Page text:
Dienhart: Best Big Ten players since Glenn Robinson?
Let’s make this perfectly clear: Purdue’s Glenn Robinson has been the most dominant player the Big Ten has seen in the last 25 years. And, it’s not even close.
“Big Dog” arrived in West Lafayette from Gary (Ind.) Roosevelt High hailed–along with Chris Webber–as the nation’s top prep players. Robinson debuted in 1992-93, leading the Big Ten in scoring with a 24.1 average. He took things to another level in 1993-94, leading the nation in scoring with a 30.3 average and leading the Big Ten in rebounding with a 9.8 average. No player has had a higher scoring average since.
But Robinson did more than stuff the stat sheet: He was a winner, too. He almost single-handedly led the Boilermakers to the Big Ten title in 1993-94, a No. 1 NCAA seed and the Elite Eight during a 29-5 season. He seemingly could score at will … inside, outside. There was no shot he couldn’t take … and make. Robinson was unstoppable and went on to be the No. 1 pick in the 1994 draft.
Recently, I was asked via Twitter: Who are the best Big Ten players since Robinson?
Here are my eight picks, in alphabetical order.
Eric Gordon, Indiana 2007-08. The focus of an intense recruiting battle between Illinois and Indiana, Gordon was an instant star in Bloomington. He played just one season but averaged 20.9 points. Gordon was named Big Ten Freshman of the Year, first-team all-conference and third-team All-American. He was the No. 7 pick in the 2008 draft.
Frank Kaminsky, Wisconsin 2011-15. He led the Badgers to an incredible two-year run, as UW went 30-8 his junior year and 36-4 his senior season with a Final Four and national runner-up finishes, respectively. As a senior in 2014-15, Kaminsky was national player of the year and a consensus All-American. He was the No. 9 pick in the 2015 draft.
Greg Oden, Ohio State 2006-07. He played one sensational season in Scarlet and Gray, teaming with Mike Conley to lead the Buckeyes to a 35-4 record and the national title game. A ferocious defender, the seven-footer averaged 15.7 points and 9.6 rebounds en route to becoming the first freshman to earn first-team All-American honors since 1990. He was the No. 1 pick in the 2007 draft.
Shawn Respert, Michigan State 1990-95. His career overlapped with Glenn Robinson, but Respert stayed for one more season. And it was special effort in what was a special season in 1994-95. He led the Spartans in scoring all four seasons and left as MSU’s all-time leading scorer (21.3 ppg) and the Big Ten’s all-time leading scorer in league games. The 6-1 Respert averaged 25.6 points his senior year when he was consensus All-American under Jud Heathcote. No Big Ten player has averaged as many points in a season since. He was the No. 8 pick in the 1995 draft.
D’Angelo Russell, Ohio State 2014-15. The 6-5 Russell was a superstar in his only season on campus, leading the Big Ten in scoring with a 20.3 average. He was a consensus first-team All-American who was the No. 2 pick in the 2015 draft.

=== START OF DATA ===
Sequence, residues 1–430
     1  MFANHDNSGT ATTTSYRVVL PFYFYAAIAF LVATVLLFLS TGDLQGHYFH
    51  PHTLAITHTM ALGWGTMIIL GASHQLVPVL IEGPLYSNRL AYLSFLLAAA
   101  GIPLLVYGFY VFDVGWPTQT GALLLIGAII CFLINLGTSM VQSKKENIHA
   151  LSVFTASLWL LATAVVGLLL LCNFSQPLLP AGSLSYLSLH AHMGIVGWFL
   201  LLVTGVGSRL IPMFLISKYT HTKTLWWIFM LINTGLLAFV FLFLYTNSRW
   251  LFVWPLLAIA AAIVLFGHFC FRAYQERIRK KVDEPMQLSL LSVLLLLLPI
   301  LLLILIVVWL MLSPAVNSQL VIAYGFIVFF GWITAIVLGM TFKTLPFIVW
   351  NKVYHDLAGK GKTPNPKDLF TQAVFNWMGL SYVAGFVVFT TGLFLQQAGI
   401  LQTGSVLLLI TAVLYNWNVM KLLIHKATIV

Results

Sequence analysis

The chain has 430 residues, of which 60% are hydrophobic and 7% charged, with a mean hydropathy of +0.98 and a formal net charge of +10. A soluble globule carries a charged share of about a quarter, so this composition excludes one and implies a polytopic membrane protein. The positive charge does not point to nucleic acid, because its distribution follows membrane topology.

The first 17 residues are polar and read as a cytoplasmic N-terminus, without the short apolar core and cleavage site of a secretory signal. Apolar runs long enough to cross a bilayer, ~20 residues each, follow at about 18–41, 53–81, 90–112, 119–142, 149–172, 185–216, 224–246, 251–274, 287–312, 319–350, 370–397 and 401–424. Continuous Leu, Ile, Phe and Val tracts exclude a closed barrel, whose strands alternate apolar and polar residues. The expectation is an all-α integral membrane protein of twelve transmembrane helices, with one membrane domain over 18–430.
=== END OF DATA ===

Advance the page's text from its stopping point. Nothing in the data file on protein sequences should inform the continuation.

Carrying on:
Jared Sullinger, Ohio State 2010-12. He played just two seasons in Columbus. But, they were spectacular. Sullinger averaged 17.2 points and 10.2 rebounds as a freshman and 17.5 points and 9.2 boards as a sophomore. And OSU had lots of success, earning the No. 1 overall seed in the 2011 NCAA tourney with a 32-2 team and playing in the Final Four as a sophomore in 2012. The 6-9 Sullinger was a two-time consensus All-American and the No. 21 pick in the 2012 draft.
Evan Turner, Ohio State 2007-10. The 2010 Big Ten Player of the Year, Turner was the consensus national player of the year that same season. He also netted first-team All-Big Ten accolades in 2009 and 2010. As a junior, Turner became the first Big Ten player to finish in the top two in average points (1st, 20.4), rebounds (2nd, 9.2) and assists (2nd, 6.0). He was the No. 2 pick in the 2010 NBA draft after leaving school a year early. His stunning effort in the 2010 Big Ten tourney is still legendary, highlighted by a last-second, 37-foot 3-pointer that beat Michigan. The 6-7 Turner’s No. 21 was retired by the school.
Deron Williams, Illinois 2002-05. He was the alpha dog during a magical 2004-05 season in Champaign that saw the Illini go 37-2 and play in the national championship game. That season, Illinois went undefeated until the last game of the regular season, when they lost to Ohio State by one point. Fans never will forget Williams’ effort in an NCAA tourney comeback win over Arizona. Illinois rallied from a late 15-point deficit to win, pushing on to the Final Four. Williams made the game-tying 3-point shot with just 38.5 seconds left in regulation. He then hit the go-ahead 3-pointer in overtime. Williams skipped his senior season and was the No. 3 pick in the 2005 NBA draft.
Others considered: Trey Burke, Michigan; Mike Conley, Ohio State; Draymond Green, Michigan State; A.J. Guyton, Indiana; Devin Harris, Wisconsin; Quincy Lewis, Minnesota; Victor Oladipo, Indiana; Jason Richardson, Michigan State; Alando Tucker, Wisconsin;